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Reuters Health Information (2010-05-07): Copper may play role in nonalcoholic fatty liver disease

Science

Copper may play role in nonalcoholic fatty liver disease

Last Updated: 2010-05-07 16:37:30 -0400 (Reuters Health)

NEW YORK (Reuters Health) - Low copper levels may contribute to nonalcoholic fatty liver disease (NAFLD), Austrian researchers reported online April 20th in the American Journal of Gastroenterology.

Biopsies from 124 patients with NAFLD had significantly lower copper content than biopsies from controls (17.7 vs 32.1 mcg/g of dry weight; p < 0.001) or from patients with other liver diseases (p < 0.05).

Hepatic copper concentrations were even lower in the 31 NAFLD patients with nonalcoholic steatohepatitis (NASH) -- a more severe form of the condition -- than in patients without NASH (15.1 vs 19 mcg/g; p = 0.038).

Furthermore, patients with NAFLD and metabolic syndrome had lower hepatic copper concentrations than NAFLD patients without metabolic syndrome (14.1 vs 20.5 mcg/g; p < 0.001).

In NAFLD patients, hepatic copper concentrations were inversely correlated with the degree of hepatic steatosis, fasting glucose concentrations, diabetes, insulin resistance, arterial hypertension, serum ferritin, and the sum of features of the metabolic syndrome present.

Serum copper and ceruloplasmin levels were also lower in patients with NAFLD compared with controls and patients with other liver diseases (except for those with hereditary hemochromatosis), but were only marginally correlated with hepatic copper concentrations in NAFLD patients.

"Our current lifestyle and dietary habits may seriously affect unrecognized areas of human biology," senior author Dr. Christian Datz from General Hospital Oberndorf told Reuters Health by e-mail. "The functions of trace metals may be one of these areas that is generally underappreciated in the development of diseases."

In addition to the 124 patients with NAFLD, the study population also included 27 controls having liver biopsy for unexplained liver enzyme elevations, 50 patients with genotype 1 chronic hepatitis C, 11 patients with autoimmune hepatitis, 13 patients with alcoholic liver disease, and 35 patients with hereditary hemochromatosis.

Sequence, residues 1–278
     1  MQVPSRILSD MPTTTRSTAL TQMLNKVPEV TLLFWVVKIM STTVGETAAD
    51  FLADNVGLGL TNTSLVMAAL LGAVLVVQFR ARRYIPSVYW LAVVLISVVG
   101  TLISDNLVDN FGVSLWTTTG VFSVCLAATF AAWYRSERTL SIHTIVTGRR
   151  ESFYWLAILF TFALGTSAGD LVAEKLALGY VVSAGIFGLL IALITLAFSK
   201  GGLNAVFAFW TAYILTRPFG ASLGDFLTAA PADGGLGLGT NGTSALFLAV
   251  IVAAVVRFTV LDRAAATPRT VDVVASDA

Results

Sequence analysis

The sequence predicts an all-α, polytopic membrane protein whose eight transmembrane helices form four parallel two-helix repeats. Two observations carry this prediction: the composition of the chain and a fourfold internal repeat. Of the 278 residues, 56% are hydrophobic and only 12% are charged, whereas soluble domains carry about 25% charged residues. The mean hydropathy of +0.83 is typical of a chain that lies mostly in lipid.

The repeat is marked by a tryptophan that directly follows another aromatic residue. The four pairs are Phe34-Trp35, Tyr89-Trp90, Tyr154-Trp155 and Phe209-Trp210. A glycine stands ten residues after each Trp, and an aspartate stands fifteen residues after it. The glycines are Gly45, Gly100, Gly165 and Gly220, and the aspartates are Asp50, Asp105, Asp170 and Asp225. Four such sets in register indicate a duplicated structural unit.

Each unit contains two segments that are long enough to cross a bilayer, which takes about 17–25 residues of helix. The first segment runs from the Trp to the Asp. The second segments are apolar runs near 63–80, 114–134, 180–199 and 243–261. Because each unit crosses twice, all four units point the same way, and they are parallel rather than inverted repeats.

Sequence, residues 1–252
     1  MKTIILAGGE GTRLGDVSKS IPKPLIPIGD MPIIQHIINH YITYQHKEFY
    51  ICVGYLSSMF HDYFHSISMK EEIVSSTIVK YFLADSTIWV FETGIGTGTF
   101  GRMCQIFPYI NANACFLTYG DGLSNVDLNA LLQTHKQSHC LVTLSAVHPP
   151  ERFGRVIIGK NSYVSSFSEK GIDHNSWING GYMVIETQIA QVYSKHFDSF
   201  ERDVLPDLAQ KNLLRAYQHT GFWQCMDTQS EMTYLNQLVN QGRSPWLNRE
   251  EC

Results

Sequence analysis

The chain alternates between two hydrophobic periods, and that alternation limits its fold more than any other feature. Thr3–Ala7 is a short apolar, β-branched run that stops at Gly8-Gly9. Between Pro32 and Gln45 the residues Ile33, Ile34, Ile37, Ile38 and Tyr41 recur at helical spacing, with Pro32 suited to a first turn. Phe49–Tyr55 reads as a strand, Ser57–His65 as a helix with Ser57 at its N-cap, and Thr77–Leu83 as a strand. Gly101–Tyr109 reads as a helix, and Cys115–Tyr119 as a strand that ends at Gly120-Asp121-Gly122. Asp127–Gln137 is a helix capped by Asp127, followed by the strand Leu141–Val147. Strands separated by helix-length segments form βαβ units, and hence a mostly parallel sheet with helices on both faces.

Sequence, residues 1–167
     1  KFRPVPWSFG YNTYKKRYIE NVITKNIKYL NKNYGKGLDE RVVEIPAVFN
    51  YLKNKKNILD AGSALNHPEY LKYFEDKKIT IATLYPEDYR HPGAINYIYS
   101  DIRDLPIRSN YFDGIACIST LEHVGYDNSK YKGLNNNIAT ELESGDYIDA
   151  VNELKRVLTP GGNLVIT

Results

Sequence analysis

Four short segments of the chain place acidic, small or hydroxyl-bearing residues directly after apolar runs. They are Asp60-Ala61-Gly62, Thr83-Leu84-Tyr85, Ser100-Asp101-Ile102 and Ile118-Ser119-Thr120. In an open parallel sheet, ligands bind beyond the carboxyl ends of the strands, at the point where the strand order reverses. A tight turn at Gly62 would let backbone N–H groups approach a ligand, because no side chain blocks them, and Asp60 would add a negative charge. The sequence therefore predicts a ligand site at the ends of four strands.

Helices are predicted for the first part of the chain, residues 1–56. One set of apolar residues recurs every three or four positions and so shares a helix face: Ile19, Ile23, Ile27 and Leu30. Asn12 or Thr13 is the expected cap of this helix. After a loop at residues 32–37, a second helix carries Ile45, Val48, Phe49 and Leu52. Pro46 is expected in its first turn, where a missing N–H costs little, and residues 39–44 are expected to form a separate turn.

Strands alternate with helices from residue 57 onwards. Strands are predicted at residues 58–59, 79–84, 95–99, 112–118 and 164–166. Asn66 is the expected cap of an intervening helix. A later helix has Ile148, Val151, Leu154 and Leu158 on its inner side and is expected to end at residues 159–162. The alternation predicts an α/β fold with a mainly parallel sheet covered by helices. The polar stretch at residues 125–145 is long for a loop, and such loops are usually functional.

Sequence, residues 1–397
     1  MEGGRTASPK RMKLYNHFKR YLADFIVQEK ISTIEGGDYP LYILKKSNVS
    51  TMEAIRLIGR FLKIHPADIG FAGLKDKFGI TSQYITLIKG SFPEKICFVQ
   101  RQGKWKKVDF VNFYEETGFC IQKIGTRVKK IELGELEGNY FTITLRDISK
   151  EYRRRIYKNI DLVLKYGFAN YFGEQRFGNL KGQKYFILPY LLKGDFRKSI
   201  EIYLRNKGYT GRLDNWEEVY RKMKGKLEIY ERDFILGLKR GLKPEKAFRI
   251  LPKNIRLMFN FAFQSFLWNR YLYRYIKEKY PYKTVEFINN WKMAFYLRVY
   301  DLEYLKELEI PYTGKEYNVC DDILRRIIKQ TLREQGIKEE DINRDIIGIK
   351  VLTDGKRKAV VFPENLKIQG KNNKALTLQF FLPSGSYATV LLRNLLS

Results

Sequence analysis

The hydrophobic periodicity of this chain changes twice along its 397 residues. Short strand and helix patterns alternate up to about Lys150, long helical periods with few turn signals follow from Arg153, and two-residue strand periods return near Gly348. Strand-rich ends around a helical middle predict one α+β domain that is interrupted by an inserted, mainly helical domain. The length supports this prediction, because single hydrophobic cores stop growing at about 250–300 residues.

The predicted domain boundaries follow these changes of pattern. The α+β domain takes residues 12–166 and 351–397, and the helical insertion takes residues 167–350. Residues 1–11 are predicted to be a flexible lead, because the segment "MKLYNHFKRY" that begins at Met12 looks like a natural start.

The researchers also studied the effect of dietary copper supply on liver histology and metabolic parameters in rats. In the rat study, a copper-restricted diet induced hepatic steatosis and insulin resistance, whereas rats on a normal or copper-supplemented diet showed no steatosis or insulin resistance.

"Our observation appears particularly surprising as NAFLD and diabetes are usually linked with overnutrition," Dr. Datz said.

"The most important point is to understand why these patients are copper deficient," Dr. Datz said. "Our rat data, however, suggest that higher than normal copper levels may have beneficial roles in insulin resistance and fatty liver and currently there is no evidence that this could not be the case in humans."

"We are planning studies to elucidate the origin and mechanisms behind decreased copper availability, i.e., whether decreased dietary uptake or loss via biliary excretion is the cause of our findings," Dr. Datz added.

He said his group also plans to study the interaction between copper and inflammatory pathways, in order to learn more about the role of copper in disease progression.

Am J Gastroenterol 2010.

 
 
 
 
                 
 
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